9. Texas A&M
Would have been in a three-way tie with Oklahoma State and Texas, but it keeps trying to quit the conference and stumbling in the doorway.
"I think the world of Mike Sherman and I think he will do a great job at Texas A&M," former Green Bay quarterback Brett Favre said. "He did a great job for us here at Green Bay and really related well to our team."
There's something hypnotic about the Badgers' nonconference schedule: UNLV, Oregon State, Northern Illinois, South Dakota, Nebraska—oh, hang on, Nebraska is in the Big Ten. Sheesh. Vegas isn't, though, yet, right?
Not as easy to quantify but just as important as the numbers are the adjectives people use when they talk about the Badger football team under [Bret] Bielema, words like "tough," "smart," "physical," "aggressive," "punishing," and "relentless." Those are the characteristics that have propelled UW to consecutive 10-win seasons, including a share of the 2010 Big Ten title and a place in the 2011 Rose Bowl.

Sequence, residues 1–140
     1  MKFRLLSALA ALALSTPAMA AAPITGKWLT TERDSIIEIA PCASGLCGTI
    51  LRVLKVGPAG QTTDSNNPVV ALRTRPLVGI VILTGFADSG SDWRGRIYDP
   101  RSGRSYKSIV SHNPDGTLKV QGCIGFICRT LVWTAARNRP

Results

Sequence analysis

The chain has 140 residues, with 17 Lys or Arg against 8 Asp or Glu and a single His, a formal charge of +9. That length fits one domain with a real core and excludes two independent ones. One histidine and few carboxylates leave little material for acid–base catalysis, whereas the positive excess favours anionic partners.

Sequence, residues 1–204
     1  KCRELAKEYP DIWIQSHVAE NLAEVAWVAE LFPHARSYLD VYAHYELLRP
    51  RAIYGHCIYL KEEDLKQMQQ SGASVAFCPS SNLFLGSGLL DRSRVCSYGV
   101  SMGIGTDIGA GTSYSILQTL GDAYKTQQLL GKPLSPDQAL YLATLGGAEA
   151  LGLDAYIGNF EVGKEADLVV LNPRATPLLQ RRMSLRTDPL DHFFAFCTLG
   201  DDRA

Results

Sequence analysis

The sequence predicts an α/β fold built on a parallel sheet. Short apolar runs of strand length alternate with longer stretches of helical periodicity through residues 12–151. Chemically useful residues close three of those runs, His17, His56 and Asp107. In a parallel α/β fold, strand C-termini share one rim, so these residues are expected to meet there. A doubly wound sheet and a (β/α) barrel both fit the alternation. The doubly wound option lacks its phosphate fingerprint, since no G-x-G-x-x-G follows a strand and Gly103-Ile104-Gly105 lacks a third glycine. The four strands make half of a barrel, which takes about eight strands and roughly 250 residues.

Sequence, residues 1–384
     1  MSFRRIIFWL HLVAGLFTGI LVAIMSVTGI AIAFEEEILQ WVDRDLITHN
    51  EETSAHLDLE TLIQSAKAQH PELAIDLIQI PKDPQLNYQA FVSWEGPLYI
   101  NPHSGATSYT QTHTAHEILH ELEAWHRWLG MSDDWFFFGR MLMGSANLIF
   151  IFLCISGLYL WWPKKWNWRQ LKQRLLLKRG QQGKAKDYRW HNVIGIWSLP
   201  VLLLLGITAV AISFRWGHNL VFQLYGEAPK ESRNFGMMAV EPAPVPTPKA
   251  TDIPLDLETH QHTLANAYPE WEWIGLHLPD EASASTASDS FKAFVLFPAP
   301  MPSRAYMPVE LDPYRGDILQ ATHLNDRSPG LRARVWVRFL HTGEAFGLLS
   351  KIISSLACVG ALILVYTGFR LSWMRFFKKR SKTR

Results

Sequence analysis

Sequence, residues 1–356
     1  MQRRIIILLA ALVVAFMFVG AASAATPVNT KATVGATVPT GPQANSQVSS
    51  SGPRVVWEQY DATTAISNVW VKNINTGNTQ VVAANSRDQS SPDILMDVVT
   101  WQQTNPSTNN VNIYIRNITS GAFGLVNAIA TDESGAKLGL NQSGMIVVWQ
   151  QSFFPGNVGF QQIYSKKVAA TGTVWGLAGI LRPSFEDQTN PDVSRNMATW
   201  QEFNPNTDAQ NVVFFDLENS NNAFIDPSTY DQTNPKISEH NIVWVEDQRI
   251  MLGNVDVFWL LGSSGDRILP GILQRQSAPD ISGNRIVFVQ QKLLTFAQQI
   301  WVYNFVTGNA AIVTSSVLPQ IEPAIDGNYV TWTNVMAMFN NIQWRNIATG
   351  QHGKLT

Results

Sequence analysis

Take a deep breath. You really want to lobby us about whether or not your school is the 11th-best team in the country?
12. Florida State
There are worse things to be than reigning champions of the Chick-fil-A Bowl.
Few embody the "unconquered spirit" that defines the Seminole Nation as well as [Jimbo] Fisher, whose best attributes include a relentless work ethic, the passionate pursuit of perfection, a keen vision for the long range future as well as a sense of place for his faith, family and football.
13. South Carolina
There are worse things to be than reigning losers of the Chick-fil-A Bowl.
During his 12 seasons with the Gators, [Steve] Spurrier's teams won seven Southeastern Conference championships, one national title and finished ranked in the nation's top 10 nine times. His record at Florida was an amazing 122-27-1 (.817). Spurrier, who won the 1966 Heisman Trophy as a quarterback for the Gators, was also head coach of the NFL's Washington Redskins (2002-03).
In the only game that matters, Navy is on a nine-year winning streak against Army. But for the heck of it, the Midshipmen have also beaten Notre Dame twice in a row, and three years out of the past four. What college football team could be a bigger success, by its own standards?
[Ken] Niumatalolo is just the second coach since World War II to lead Navy to a winning record in each of his first three seasons at the helm and joins Eddie Erdelatz and Wayne Hardin as the only Navy coaches to beat Notre Dame in consecutive seasons.
15. Michigan State
The Spartans will play Nebraska this year, because Nebraska is in the Big Ten.